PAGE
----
Chicago Bears: GM Jerry Angelo was on the outside looking for the first and second rounds, but the Bears got some interesting players considering their start at the 75th overall pick. Florida safety Major Wright(notes) was an underrated defender on a team full of standouts, but he's a good deep cover man and a reliable tackler. Northwestern end Corey Wootton(notes) is huge for his position (6-6, 270) and should provide an interesting bookend for Julius Peppers(notes) if he keeps up the pace after recovering from a torn ACL suffered in the 2008 Alamo Bowl. A former first- or second-round projection, Wootton looks like a real steal in the fourth round. West Texas A&M offensive tackle J'Marcus Webb(notes) is an interesting prospect, but the selection of Central Michigan quarterback Dan LeFevour(notes) in the sixth round is questionable with so many team needs and such a price paid for Jay Cutler(notes).
Detroit Lions: For the second straight year, the new Lions regime put together an outstanding draft. Sam Bradford's(notes) trip to St. Louis gave Martin Mayhew and Jim Schwartz the best player in this draft with Nebraska DT Ndamukong Suh(notes). With an absolutely astounding mixture of power, speed, and technique, Suh has all-time potential. He will immediately become the interior defensive force Schwartz has been looking for since he coached Albert Haynesworth(notes) in Tennessee. Cal running back Jahvid Best(notes) was acquired with a trade up to the 30th overall pick. If he can transcend past injury issues, Best has explosive big-play ability. He's a worthy risk here. Third-round cornerback Amari Spievey(notes) is a good-sized, physical defender, and fourth-round offensive tackle Jason Fox(notes) from Miami gives the Lions depth at the position. He's an injury risk, but a tough player who plays though a lot.
Green Bay Packers: The most obvious need for the Packers is at the tackle position, and the team was fortunate that Iowa's Bryan Bulaga(notes) fell into their collective laps at 23. Bulaga isn't athletically impressive, but he's been coached very well by Kirk Ferentz, and he could start in a pinch if needed. Purdue's Mike Neal(notes) projects well as a 3-4 end, perhaps fitting better in that scheme than the departed Aaron Kampman(notes) ever did. One later-round player would could really impress is TCU's Marshall Newhouse(notes), a guard the Packers picked up in the fifth round. He's an aggressive, athletic blocker who will be a great fit over time. Buffalo running back James Starks(notes), who missed 2009 with a shoulder injury, could be another surprise producer.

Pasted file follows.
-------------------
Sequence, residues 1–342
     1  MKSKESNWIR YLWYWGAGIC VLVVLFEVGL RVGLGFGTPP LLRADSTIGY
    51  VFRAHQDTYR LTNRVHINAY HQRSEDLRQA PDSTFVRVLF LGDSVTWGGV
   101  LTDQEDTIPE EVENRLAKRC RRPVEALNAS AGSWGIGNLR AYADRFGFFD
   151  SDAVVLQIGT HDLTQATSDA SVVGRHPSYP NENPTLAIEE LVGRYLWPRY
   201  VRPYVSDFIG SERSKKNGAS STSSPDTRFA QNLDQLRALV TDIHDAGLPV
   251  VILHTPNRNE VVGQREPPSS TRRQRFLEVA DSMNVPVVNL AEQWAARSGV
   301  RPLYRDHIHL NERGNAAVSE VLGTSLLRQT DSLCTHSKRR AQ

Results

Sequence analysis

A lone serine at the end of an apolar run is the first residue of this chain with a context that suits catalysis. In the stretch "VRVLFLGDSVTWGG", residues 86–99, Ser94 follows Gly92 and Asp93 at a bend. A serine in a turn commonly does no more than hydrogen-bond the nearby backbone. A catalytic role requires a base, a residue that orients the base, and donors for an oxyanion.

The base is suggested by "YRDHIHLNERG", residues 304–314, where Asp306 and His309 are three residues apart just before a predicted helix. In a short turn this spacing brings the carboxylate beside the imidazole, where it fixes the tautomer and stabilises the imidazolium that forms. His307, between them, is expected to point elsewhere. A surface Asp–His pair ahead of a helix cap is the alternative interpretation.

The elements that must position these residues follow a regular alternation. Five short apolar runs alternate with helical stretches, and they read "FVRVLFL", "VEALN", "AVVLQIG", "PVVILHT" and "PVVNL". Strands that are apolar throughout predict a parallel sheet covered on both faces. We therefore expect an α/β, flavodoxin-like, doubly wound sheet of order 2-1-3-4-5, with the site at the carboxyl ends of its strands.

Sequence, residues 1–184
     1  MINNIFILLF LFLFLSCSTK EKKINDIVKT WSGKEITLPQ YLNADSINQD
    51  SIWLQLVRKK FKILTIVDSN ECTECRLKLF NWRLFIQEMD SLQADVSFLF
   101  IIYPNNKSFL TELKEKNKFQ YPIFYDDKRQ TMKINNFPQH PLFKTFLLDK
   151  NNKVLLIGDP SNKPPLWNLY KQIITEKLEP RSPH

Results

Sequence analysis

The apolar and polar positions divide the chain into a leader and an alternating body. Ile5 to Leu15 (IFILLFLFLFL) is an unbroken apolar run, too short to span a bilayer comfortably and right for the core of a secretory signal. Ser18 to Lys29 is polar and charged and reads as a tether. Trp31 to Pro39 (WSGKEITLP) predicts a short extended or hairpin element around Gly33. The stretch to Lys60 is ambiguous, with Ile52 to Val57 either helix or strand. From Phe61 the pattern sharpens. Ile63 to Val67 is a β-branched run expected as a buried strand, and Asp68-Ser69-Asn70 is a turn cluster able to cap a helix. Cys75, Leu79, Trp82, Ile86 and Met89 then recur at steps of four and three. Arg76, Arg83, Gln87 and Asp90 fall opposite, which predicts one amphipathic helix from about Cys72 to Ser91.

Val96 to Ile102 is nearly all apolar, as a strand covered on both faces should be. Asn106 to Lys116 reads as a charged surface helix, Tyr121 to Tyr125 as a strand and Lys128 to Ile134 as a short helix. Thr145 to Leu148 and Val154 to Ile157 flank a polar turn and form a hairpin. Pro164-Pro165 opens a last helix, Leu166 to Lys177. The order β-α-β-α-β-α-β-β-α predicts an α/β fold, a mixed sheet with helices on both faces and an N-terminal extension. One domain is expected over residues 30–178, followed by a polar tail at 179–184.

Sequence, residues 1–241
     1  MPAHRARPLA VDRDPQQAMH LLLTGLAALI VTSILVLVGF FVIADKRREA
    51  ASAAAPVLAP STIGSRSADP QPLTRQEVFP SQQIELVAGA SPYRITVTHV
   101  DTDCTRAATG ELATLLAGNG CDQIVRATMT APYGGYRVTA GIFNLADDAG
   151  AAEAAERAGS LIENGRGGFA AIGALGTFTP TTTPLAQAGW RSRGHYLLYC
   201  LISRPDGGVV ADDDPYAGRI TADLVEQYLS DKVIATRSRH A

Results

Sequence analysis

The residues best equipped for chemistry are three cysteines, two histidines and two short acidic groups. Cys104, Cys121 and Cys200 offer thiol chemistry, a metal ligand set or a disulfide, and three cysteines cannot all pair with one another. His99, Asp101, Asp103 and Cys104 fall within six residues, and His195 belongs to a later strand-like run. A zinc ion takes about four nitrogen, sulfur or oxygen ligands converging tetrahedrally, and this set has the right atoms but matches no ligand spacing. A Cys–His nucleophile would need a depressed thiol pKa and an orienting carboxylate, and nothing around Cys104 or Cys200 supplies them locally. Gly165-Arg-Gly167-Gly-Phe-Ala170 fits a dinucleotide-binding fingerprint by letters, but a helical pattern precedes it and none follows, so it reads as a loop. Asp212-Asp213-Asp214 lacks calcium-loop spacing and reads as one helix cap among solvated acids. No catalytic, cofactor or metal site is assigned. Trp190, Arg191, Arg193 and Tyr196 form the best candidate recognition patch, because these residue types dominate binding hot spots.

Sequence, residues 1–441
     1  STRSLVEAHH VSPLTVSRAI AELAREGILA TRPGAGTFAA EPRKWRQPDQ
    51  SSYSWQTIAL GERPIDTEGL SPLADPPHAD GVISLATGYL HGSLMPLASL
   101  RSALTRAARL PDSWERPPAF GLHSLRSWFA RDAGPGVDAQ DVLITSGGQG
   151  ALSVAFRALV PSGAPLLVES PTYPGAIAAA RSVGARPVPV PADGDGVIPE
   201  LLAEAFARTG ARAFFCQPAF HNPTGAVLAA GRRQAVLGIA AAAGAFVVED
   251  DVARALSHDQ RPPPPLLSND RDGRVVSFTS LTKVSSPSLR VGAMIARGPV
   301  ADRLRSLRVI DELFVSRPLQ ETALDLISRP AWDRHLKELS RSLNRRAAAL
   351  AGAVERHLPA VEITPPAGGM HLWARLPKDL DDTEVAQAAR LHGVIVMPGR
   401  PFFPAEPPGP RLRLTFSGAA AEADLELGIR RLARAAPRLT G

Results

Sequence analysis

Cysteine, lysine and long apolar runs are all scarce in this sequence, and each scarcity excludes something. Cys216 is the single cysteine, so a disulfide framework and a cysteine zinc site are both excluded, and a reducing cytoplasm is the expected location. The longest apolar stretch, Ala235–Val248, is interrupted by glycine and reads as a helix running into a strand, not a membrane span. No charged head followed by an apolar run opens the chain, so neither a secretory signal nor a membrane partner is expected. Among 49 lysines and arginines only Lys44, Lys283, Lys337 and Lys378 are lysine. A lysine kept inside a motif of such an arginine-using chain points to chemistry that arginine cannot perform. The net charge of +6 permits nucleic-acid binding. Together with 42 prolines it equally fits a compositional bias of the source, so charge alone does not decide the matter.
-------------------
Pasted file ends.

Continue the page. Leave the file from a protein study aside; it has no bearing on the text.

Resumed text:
Minnesota Vikings: Trading out of the late first round with the Lions, Minnesota started its 2010 draft by addressing the most pressing need - a secondary that was below average despite perhaps the best front four in the league. Virginia cornerback Chris Cook(notes), a big defender who missed time with injuries and academic issues, is an outstanding athlete how is still developing a full-scale skill set. The Vikings' other second-round pick was Stanford fullback Toby Gerhart(notes), who led the nation in rushing in 2009 and scored 28 touchdowns last season. He brings a power element to Minnesota's rushing attack. But the guy to watch here is Joe Webb(notes), the former UAB quarterback who will switch to receiver at the NFL level. Unlike many such conversion projects, Webb has experience as a wideout, switching only to quarterback because UAB wanted their best athlete playing that position.